The unadventurous script limits the strong cast, of which Anton Yelchin, playing the put-upon Max, feels most subdued. Yelchin is a charismatic actor who has made a good impression in minor roles in not-so-good movies, but he plays Max so sleepily and lacking any response beyond mild surprise and concern at what should be a terrifying situation that he’s hard to have sympathy for when he himself barely seems concerned by what’s happening. True, he’s not supposed to be a character of any great assertiveness or courage, but Yelchin tips the balance too far until it drops into virtual indifference. His half-brother, Travis, is supposed to be the more ribald and confident of the two, but is such a tedious slobby womaniser stereotype that, rather than being an invigorating presence who pushes Max to stand up for himself, it’s a relief whenever he exits a scene. It also speaks to the movie’s disappointing safeness that he boasts of sleeping around not with centrefold models from Playboy, but FHM, a magazine, like the character, stuck in eye-rolling late-90s ideas of laddish masculinity.
Ashley Greene fares better as Evelyn, pushing back against the tame material to unearth a little of the sadness behind her character’s anger and control-freakery. The obsessive, domineering ex-girlfriend is another tired cliché, but Greene’s history with the Twilight franchise makes for savvy casting as she finds small traces of humanity in her zombified form. Perhaps one of the movie’s most debilitating flaws is that it in fact makes the living Evelyn too likeable and sympathetic, justifying her controlling nature with a sad backstory and a genuine, if overbearing, desire to love and be loved. Her eco-conscious do-goodery (working for a firm called ‘Live Green Or Blog Hard’, one of a number of not-quite-funny-enough Simpsons-esque workplace names) may be pushy and annoying, but it’s hard to deny she has a point when calling out Max for not showing any motivation to improve his lot despite constant complaining. She’s the most fully rounded character in the movie, far moreso than Alexandra Daddario’s dreamgirl sweet Olivia, entirely defined by liking all the same stuff as Max, a dating site approach to a romantic lead where compatibility is calculated exclusively by the number of shared interests.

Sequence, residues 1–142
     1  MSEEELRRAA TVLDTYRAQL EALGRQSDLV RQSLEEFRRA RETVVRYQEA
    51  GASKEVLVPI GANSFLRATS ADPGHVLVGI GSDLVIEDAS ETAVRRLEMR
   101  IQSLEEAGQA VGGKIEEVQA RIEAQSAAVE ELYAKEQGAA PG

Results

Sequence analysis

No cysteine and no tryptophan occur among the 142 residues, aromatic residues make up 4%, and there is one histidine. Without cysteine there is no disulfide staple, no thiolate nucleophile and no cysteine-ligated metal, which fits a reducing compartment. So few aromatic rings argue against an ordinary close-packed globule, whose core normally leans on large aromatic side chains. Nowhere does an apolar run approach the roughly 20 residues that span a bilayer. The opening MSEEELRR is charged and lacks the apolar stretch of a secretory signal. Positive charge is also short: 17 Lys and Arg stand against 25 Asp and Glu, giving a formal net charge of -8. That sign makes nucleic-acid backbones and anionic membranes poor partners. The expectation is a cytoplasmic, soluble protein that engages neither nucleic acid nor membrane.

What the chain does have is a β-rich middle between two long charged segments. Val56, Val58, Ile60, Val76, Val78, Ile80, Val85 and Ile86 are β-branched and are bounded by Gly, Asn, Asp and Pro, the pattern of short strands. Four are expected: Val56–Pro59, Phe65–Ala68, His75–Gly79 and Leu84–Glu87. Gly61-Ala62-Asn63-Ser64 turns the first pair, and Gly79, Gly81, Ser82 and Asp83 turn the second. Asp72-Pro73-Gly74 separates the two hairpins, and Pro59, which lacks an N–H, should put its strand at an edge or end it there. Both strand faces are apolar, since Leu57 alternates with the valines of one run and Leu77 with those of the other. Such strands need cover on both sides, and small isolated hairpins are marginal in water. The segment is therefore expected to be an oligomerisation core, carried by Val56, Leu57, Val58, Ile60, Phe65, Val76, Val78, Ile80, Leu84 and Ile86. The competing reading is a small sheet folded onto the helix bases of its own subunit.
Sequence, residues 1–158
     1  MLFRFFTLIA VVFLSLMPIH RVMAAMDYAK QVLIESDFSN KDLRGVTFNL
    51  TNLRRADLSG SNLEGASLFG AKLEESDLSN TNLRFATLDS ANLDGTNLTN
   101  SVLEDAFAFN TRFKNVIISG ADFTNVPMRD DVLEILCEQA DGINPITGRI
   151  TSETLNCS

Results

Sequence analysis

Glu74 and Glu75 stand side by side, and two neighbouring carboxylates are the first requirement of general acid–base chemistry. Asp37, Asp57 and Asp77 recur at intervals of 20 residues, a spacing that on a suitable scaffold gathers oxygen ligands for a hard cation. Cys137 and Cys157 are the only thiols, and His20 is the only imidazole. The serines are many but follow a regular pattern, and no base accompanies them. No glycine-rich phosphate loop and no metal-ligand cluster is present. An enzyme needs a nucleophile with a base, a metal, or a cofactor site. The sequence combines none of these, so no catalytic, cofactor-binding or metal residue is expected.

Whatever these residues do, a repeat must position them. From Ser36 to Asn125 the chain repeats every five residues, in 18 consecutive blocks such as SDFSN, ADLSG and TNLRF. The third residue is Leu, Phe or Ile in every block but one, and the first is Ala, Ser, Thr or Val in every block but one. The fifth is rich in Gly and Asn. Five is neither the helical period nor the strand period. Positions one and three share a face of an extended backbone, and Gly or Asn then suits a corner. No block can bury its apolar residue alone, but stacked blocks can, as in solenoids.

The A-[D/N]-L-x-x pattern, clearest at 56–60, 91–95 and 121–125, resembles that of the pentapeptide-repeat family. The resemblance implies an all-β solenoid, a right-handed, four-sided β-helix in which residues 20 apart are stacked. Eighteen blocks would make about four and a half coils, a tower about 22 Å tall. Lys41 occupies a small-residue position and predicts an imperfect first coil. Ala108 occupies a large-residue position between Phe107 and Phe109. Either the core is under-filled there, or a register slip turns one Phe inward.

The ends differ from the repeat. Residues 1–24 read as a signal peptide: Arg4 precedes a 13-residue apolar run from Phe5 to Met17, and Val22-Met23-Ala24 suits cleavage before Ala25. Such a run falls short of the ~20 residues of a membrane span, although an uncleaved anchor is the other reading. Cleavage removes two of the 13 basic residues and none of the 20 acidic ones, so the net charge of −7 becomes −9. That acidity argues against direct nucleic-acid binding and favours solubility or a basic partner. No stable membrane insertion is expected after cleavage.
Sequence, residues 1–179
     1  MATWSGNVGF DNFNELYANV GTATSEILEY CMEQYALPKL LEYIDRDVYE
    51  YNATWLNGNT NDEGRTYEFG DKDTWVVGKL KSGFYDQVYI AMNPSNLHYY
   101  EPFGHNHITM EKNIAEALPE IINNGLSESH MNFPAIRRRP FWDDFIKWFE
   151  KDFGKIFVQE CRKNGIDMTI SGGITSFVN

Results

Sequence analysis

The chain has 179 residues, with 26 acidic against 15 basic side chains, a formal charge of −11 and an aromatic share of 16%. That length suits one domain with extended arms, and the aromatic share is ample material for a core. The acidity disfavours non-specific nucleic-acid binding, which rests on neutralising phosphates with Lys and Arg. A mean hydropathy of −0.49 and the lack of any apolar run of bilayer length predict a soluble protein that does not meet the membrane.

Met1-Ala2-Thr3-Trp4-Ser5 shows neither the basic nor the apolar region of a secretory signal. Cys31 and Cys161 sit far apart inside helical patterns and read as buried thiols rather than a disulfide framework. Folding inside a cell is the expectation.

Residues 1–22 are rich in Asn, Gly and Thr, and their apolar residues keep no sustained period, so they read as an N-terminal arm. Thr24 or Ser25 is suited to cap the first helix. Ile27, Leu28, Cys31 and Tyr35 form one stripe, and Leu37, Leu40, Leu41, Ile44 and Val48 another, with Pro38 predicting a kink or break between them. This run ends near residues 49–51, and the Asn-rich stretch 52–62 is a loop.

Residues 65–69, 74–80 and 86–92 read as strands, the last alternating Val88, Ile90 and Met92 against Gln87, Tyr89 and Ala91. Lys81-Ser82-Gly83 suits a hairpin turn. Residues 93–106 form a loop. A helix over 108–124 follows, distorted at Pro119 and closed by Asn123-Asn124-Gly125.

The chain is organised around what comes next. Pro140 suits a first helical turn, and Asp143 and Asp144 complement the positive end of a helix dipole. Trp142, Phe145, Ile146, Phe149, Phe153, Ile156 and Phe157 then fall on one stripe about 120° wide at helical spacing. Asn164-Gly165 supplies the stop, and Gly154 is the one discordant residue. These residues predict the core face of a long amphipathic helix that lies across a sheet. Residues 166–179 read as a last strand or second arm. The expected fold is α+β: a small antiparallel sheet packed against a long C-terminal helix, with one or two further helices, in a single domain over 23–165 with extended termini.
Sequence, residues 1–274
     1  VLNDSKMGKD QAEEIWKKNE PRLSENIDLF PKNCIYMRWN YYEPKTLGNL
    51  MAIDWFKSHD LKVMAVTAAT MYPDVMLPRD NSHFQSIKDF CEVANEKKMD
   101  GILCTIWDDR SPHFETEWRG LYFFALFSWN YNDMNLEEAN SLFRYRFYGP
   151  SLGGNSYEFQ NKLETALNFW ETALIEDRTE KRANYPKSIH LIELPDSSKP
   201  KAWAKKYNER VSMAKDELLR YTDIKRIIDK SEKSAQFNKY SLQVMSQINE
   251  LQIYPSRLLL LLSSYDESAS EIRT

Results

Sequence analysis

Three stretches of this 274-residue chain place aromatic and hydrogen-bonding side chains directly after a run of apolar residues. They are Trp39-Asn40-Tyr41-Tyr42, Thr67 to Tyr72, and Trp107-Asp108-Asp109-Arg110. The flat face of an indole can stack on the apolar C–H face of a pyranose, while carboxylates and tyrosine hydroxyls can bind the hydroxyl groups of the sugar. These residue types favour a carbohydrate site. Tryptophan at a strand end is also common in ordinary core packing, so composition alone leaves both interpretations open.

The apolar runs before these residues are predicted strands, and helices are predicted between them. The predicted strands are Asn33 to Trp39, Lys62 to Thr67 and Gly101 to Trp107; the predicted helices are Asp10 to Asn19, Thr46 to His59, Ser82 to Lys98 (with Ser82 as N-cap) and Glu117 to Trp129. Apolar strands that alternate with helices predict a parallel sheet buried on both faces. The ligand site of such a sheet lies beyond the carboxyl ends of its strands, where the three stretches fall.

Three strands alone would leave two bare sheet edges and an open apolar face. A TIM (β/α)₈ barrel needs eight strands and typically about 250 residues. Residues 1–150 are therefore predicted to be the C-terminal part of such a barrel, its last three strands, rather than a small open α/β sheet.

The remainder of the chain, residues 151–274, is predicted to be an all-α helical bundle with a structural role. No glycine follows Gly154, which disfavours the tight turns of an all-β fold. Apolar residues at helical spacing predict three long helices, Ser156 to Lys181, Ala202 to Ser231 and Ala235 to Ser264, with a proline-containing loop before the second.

What is the real stake through Burying The Dead‘s heart is that Shaun Of The Dead, an even more low-budget zom-com, did everything Dante’s movie tries to do to much greater effect eleven years earlier. The movie skirts around the idea of relationship angst among geeky mid-twentysomethings, but Shaun committed more fully to the idea of the difficulty of youngish men finding a direction in life outside their nerdy and nostalgic preoccupations, all the while being significantly scarier, gorier, sweeter and funnier. Nick Frost’s Ed, in particular, is a much more sharply observed depiction of what Travis should have been.
There are glimpses of the picture Dante might have made had his budget been bigger, the writing been sharper, and had he himself maybe been twenty years younger, but they are few and far between, in the end only growing the disappointment that what ended up on the screen is so consistently stuck in second gear and tepid in its execution of already underwhelming ideas. Ashley Greene in particular deserves better, while Alexandra Daddario continues her wait for a movie role which puts her natural affability to more lively use than the girlfriend role. A Dick Miller cameo and a handful of amusing sight gags provide the slim pickings for Dante’s fans, but as welcome as it is to see him back in any sort of cinematic work, it’s a shame the result shows few real signs of life.